Hairy and Downy Woodpeckers (Hairy on top): Kennebunk, Maine, USA — The size difference between Hairy and Downy Woodpeckers seems to be particularly pronounced here in Maine, and perhaps in New England in general. It is not that our Downys are small…it is that our Hairys are huge. This set of shots of male Hairys and Downys, taken from the same position in my blind with the same lens, on the same suet cage, show the difference well, and draw attention especially to the beaks. Sony Rx10iv at 600mm equivalent. Program mode with my custom birds and wildlife modifications. Seen side by side like this, there is no mistaking the difference. Seen one at a time, and in less “controlled” conditions, it can still be a challenge. 🙂 Processed in Polarr and Apple Photos. Assembled in FrameMagic. ISO 125 @ f4 @ 1/500th.
Hairy Woodpecker: Kennebunk, Maine, USA — to accompany yesterday’s shot of a large male Hairy Woodpecker…they come in jumbo size in southern Maine…here is his mate at the same feeder…though from a slightly better angle. The female is, if anything, a bit larger than the male. Sony Rx10iv at 600mm equivalent. Program mode with my custom birds and wildlife modifications. Processed in Polarr and Apple Photos. ISO 125 @ f4 @ 1/500th.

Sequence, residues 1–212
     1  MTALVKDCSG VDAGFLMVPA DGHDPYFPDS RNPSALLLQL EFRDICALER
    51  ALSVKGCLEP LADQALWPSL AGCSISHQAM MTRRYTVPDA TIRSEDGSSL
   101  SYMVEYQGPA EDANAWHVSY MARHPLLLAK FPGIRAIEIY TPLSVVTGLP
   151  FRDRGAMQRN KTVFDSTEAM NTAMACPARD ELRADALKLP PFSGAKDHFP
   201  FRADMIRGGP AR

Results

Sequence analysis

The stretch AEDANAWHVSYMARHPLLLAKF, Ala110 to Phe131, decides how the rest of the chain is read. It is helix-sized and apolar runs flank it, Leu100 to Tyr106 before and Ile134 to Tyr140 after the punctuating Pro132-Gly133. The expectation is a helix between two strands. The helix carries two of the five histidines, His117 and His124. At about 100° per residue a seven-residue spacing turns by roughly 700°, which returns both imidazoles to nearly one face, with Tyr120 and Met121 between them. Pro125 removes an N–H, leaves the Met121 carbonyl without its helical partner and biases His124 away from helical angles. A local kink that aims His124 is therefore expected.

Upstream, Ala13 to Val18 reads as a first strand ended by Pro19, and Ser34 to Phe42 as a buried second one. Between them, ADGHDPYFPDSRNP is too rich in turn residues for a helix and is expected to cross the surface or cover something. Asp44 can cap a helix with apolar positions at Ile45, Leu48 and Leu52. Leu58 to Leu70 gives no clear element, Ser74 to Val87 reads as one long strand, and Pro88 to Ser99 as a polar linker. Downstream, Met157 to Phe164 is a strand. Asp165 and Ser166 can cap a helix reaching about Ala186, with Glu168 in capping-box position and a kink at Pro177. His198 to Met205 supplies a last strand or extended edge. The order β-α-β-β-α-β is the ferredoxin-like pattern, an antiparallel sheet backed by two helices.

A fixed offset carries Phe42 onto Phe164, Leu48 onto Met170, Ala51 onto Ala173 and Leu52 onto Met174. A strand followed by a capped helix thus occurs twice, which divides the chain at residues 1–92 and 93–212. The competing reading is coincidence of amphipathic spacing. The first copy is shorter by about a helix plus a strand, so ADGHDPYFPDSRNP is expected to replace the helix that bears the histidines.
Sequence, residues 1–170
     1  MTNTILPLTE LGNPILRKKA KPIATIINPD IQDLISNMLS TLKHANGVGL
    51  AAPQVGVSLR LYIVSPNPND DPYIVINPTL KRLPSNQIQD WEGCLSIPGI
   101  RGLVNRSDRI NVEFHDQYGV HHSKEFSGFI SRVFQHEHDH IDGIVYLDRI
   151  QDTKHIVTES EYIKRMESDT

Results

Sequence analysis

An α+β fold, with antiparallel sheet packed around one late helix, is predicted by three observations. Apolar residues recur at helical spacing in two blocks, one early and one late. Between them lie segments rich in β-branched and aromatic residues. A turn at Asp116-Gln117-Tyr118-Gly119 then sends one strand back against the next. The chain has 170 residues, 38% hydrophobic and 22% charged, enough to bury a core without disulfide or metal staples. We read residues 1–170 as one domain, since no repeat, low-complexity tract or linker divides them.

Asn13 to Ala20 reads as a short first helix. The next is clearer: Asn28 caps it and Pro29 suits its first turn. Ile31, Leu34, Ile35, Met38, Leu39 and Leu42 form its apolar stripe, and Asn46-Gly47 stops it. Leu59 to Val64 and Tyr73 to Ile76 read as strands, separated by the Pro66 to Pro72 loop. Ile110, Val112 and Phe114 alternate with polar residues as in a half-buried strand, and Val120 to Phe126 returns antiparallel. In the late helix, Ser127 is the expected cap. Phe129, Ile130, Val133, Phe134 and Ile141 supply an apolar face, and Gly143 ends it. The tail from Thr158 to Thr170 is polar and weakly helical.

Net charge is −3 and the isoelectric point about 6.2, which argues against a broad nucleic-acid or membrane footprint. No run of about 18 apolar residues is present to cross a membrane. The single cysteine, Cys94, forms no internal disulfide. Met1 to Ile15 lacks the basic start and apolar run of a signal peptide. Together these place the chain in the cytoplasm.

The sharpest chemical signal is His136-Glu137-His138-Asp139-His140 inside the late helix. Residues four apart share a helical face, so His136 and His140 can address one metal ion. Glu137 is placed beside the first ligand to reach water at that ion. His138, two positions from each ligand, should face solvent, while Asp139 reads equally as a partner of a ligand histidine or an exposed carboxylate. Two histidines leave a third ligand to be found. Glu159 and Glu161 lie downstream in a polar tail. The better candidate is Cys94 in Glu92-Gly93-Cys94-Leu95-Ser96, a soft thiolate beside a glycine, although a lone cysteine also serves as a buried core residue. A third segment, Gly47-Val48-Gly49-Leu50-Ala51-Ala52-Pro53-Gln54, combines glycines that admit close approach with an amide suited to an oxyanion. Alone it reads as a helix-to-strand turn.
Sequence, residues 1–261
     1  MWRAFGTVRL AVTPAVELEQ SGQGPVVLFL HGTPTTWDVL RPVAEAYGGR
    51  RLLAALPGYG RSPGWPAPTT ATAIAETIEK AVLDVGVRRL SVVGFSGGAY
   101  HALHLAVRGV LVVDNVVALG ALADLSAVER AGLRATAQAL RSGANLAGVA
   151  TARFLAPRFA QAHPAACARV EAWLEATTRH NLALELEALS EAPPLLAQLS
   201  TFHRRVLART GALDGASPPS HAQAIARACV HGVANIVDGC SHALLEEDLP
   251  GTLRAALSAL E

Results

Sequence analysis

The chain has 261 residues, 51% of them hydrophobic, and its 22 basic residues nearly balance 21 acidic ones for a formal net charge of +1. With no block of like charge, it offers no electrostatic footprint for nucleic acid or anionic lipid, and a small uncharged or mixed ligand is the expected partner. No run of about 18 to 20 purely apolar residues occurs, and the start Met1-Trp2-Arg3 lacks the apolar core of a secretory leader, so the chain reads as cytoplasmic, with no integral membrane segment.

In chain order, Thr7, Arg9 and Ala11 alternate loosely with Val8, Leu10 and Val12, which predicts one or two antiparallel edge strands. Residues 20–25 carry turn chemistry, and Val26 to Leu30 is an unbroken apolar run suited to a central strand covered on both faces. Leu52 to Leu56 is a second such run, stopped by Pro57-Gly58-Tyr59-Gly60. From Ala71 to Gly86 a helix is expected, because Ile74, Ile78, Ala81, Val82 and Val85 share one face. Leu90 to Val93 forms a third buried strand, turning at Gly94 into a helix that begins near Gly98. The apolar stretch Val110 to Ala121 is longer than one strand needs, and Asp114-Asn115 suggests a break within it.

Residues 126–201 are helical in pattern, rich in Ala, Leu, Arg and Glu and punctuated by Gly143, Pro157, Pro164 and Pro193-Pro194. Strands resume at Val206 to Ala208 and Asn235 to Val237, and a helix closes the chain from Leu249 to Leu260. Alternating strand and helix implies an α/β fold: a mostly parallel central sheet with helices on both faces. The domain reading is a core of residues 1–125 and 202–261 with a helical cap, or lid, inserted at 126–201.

Downy Woodpecker, Kennebunk, Maine, USA. This is the male Downy Woodpecker from the pair that frequent our backyard. The Downy’s are, surprisingly, even bolder than the Chickadees. They will come down from the trees even when they have seen me. I know they see me, because they sit on a branch above me and watch me, often hoping to other branches for a better view, for several moments before diving down. 🙂 That little patch of red really stands out in the sun. Sony Rx10iv at 600mm equivalent. Program mode with my custom birds and wildlife modifications. Processed in Polarr and Apple Photos.
Yet another shot from the Ash Canyon Bed and Breakfast south of Sierra Vista, Arizona. The Acorn Woodpecker is the archetypal house breaker, hammering on any solid surface, destroyer of aluminum siding and cedar shingles indiscriminately…made famous by the Disney cartoons of Woody the Woodpecker. They are the most common woodpecker in the foothills of Arizona’s Sky Islands.
Sony RX10iii at 600mm equivalent field of view. 1/320th @ ISO 100 @ f4. Processed in Lightroom.
On the first day of 2016 I went to look for the Kennebunk eagles at Roger’s Pond. No show. But while I was there I saw a largish bird fly low and into a dead tree just where the creek joins the river, at the turn of the loop around the pond. A while later I heard a knock. Knock! Pileated Woodpecker! This is only my third photo op in Maine, and I have not seen them much more often than that either. They are around…even around my house…and I hear them occasionally, but a good sighting is rare. Rare enough to make this an auspicious first bird for 2016!
This image is not what you might think at first glance. I used Coolage to assemble two images of the same bird, at different points as it circled the trunk, into a single image. Since Coolage blends edges and the trunk is an ideal object for a blend, it certainly looks like two Pileateds. It is not, trust me. I just wanted to give you two views of the bird. 🙂 And it does make a striking image. Or that is what I think.
Nikon P900 at 2000mm equivalent field of view. 1/250th @ ISO 400 @ f6.5. Processed in Lightroom and assembled in Coolage.